That help wasn't forthcoming. They were busy tackling the "imminent" threat of Saddam Hussein, who had, you know, all those chemical and biological weapons he could deploy in 45 minutes and the advanced nuclear program and all that other stuff he has so fiendishly hidden. Yes, Bush floated his "Healthy Forests" initiative, but it's a sop to the timber industry that experts say would have done little to alleviate the conditions that caused our fires. One of the tricks to divining the real intent behind these happy-named initiatives is to interchange some words: take "Clear Skies" and "Healthy Forests," and you get "Clear Forests."
What is it about us that makes so many of us willing to spend hundreds of billions of dollars and hundreds of American lives to defeat a guy who was only a threat in some neo-con's most fevered wet dream, yet leaves us so unwilling to address the probable—and now realized—threat of California flaring up like a campfire marshmallow?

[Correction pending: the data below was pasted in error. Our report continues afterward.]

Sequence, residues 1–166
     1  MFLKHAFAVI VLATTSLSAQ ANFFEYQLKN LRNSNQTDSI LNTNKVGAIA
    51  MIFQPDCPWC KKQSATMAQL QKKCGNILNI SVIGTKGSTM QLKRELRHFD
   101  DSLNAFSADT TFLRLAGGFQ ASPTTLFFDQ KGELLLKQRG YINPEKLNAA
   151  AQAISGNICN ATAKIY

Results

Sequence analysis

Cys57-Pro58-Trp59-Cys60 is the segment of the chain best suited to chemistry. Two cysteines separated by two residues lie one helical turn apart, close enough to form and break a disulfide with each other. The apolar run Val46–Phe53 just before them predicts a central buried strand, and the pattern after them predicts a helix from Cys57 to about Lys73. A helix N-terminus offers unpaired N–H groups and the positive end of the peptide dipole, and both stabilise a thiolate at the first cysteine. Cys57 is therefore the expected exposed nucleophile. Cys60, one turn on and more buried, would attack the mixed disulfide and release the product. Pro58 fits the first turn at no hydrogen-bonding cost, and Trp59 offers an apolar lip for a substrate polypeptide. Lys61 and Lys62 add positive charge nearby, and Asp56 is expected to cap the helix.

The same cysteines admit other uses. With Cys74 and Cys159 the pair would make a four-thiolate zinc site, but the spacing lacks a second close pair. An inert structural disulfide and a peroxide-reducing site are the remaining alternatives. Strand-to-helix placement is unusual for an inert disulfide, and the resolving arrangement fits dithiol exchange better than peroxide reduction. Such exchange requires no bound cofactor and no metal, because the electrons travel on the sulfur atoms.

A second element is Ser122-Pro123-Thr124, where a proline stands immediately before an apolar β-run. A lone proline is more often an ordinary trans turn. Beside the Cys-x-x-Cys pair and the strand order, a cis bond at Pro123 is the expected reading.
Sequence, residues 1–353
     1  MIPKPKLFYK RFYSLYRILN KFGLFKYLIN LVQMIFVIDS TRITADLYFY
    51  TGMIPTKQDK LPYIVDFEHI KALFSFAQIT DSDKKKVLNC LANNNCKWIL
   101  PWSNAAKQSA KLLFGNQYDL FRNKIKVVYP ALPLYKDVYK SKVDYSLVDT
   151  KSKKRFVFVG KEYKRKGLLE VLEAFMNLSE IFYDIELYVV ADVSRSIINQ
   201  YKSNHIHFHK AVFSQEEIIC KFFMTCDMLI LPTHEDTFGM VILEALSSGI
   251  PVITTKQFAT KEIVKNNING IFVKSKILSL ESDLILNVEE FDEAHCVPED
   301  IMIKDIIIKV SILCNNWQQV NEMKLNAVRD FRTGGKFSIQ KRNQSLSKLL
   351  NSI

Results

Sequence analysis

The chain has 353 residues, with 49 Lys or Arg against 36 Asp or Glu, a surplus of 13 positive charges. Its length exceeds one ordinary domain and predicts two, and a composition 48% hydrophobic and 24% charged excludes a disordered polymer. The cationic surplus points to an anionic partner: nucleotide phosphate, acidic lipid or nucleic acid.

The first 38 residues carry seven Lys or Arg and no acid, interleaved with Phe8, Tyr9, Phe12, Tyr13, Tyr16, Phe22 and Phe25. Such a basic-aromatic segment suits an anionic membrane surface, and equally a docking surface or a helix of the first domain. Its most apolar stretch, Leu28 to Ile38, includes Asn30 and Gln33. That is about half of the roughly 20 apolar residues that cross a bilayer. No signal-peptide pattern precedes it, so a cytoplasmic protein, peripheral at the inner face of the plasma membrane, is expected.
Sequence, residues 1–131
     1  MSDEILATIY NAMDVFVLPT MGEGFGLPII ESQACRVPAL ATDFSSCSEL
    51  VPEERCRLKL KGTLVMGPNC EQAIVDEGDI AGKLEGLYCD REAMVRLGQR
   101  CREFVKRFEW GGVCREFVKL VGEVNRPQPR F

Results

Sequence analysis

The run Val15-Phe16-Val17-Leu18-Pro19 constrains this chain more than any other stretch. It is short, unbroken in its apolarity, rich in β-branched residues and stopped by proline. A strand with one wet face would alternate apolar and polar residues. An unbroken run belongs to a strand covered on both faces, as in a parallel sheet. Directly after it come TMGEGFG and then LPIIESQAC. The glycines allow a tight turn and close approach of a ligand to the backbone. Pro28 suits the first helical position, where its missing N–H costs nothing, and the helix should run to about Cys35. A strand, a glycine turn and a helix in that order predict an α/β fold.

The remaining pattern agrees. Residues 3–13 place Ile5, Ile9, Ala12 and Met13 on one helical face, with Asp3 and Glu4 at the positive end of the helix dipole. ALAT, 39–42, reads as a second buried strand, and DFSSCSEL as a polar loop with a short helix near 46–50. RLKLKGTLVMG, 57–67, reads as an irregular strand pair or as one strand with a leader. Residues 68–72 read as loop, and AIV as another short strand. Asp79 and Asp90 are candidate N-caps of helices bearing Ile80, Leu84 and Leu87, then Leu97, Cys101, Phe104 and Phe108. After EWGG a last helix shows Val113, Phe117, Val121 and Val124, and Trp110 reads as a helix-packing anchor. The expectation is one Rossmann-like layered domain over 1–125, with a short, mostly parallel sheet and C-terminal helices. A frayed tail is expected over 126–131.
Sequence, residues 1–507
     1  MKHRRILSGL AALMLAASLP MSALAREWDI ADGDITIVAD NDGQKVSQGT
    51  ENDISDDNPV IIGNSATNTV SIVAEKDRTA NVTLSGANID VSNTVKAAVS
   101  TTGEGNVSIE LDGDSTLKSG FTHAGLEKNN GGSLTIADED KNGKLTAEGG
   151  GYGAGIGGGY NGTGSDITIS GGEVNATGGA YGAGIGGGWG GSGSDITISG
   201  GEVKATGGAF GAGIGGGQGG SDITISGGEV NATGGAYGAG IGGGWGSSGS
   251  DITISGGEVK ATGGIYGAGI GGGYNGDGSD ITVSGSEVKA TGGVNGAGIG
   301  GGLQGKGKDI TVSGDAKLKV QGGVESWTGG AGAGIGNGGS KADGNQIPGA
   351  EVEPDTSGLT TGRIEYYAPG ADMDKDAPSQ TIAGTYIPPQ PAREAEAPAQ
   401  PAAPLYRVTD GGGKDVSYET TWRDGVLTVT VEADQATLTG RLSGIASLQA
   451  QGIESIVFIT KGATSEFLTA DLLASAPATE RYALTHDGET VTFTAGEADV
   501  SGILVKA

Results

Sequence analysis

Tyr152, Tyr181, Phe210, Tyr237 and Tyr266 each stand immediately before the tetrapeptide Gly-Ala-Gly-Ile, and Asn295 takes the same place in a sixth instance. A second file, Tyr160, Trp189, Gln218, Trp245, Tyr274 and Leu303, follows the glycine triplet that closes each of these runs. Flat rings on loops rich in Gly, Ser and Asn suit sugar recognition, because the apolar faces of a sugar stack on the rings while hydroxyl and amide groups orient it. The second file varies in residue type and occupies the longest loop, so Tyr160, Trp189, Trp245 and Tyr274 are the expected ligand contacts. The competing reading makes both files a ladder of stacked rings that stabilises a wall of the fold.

Part of the answer might be evident in the monster flicks that abound on TV this Halloween week. A veteran firefighter was quoted on CBS news as saying the fire was worse than any horror movie. But fire is rarely the focus of such films. Movie magicians can come up with giant spinning turtles, comet collisions and firestorms, but it's always the human, or almost-human, monsters that scare us the most. Brain-eating psychopaths are creepier than giant ants any day of the week.